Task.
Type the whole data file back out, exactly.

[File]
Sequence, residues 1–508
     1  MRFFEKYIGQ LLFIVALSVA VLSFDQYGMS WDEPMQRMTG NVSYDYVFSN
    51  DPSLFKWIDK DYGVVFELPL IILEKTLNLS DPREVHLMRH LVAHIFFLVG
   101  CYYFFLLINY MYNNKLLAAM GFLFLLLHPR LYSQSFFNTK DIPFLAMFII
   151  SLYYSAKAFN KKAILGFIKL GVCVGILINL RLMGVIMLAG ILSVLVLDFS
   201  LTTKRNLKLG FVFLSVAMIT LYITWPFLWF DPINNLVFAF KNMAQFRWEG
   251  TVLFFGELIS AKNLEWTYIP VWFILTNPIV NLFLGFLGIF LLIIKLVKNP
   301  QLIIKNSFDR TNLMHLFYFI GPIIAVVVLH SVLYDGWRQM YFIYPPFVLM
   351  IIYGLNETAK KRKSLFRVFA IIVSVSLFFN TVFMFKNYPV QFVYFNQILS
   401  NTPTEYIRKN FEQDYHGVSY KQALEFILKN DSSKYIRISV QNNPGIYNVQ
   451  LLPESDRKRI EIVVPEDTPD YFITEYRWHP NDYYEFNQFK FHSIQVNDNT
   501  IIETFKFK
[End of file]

Sequence, residues 1–508
     1  MRFFEKYIGQ LLFIVALSVA VLSFDQYGMS WDEPMQRMTG NVSYDYVFSN
    51  DPSLFKWIDK DYGVVFELPL IILEKTLNLS DPREVHLMRH LVAHIFFLVG
   101  CYYFFLLINY MYNNKLLAAM GFLFLLLHPR LYSQSFFNTK DIPFLAMFII
   151  SLYYSAKAFN KKAILGFIKL GVCVGILINL RLMGVIMLAG ILSVLVLDFS
   201  LTTKRNLKLG FVFLSVAMIT LYITWPFLWF DPINNLVFAF KNMAQFRWEG
   251  TVLFFGELIS AKNLEWTYIP VWFILTNPIV NLFLGFLGIF LLIIKLVKNP
   301  QLIIKNSFDR TNLMHLFYFI GPIIAVVVLH SVLYDGWRQM YFIYPPFVLM
   351  IIYGLNETAK KRKSLFRVFA IIVSVSLFFN TVFMFKNYPV QFVYFNQILS
   401  NTPTEYIRKN FEQDYHGVSY KQALEFILKN DSSKYIRISV QNNPGIYNVQ
   451  LLPESDRKRI EIVVPEDTPD YFITEYRWHP NDYYEFNQFK FHSIQVNDNT
   501  IIETFKFK